REHOBOTH, Mass. --- In the wake of a June recall of allegedly defective Chinese-made light truck tires, safety advocates and an attorney representing the families of three men involved in a deadly crash have asked members of Congress to make automotive defect information public. Last month, Foreign Tire Sales of Union, N.J., appealed to the National Highway Traffic Safety Administration for help in recalling an estimated 450,000 light truck tires after the company allegedly learned that the manufacturer, the Hangzhou Zhongce Rubber Company, had left a critical component out of the tire. The steel-belted radial light truck tires, sold under the names Westlake, Telluride, Compass and YKS, were implicated in the August 2006 deaths of Rafael B. Melo and Claudeir Jose Figueiredo in a rollover crash, and Carlos Souza, who was seriously injured. The Melo, Figueiredo and Souza families sued FTS and Hangzhou Zhongce in May, which sparked the recall. FTS reported to the federal agency that the company suspected that something was wrong with the tires as early as October 2005, when it examined a tire involved in a property damage claim and found that the gum strip, a feature designed to keep the belts from separating, was missing. FTS said it was further alarmed by a sharp increase in the number of warranty adjustments on the tires. According to FTS' defect report, additional testing and evaluations continued to confirm their concerns about the safety of the tires. Initially, FTS said that it lacked the financial resources to collect, dispose of and replace the allegedly defective tires. But after NHTSA ordered the company to conduct a recall, FTS announced a consumer-remedy plan. Safety Research & Strategies, a vehicle safety consulting firm in Rehoboth, Mass., along with Jeffrey Killino, a Philadelphia product safety attorney representing the families of the men who were killed and injured in the August 2006 crash, are urging Congress to push for greater transparency in NHTSA's Early Warning Reporting data. They argue that such transparency is required under a provision of the Transportation Recall Enhancement, Accountability and Documentation (TREAD) Act. The TREAD Act was passed in October 2000. Since 2003, auto, tire and other equipment manufacturers have been required to submit certain types of data warranty claims, production numbers, property damage claims, injury-causing and fatal incidents, consumer complaints and field reports as part of an early warning system to alert regulators to defects. The rules themselves have been contentious, and manufacturers and safety advocates have fought in federal court over the data's accessibility. The recall also brings to light a gap in the regulations that allows an importer to sell an automotive component in the U.S. without having the financial capability to launch a recall if needed. According to NHTSA, FTS isn't the first importer to discover a major defect and then claim that a recall would bankrupt the company.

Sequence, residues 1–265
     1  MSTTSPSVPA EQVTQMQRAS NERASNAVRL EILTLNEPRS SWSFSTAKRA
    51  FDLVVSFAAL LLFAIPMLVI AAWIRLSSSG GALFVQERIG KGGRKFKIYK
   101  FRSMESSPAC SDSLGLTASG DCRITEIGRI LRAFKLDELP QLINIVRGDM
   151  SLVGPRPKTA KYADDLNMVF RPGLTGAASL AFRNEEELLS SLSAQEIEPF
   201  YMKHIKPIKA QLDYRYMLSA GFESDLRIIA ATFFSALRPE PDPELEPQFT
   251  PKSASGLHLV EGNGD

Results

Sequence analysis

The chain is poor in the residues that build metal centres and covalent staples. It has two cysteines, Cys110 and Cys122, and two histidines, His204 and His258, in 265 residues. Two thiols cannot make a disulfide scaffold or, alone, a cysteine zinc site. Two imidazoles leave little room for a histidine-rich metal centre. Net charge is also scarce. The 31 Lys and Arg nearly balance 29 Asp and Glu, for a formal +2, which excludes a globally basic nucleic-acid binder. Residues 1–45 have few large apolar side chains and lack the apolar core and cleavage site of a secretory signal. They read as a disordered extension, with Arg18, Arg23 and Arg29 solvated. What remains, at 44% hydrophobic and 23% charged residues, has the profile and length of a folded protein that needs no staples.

Originally posted on Fleet Financials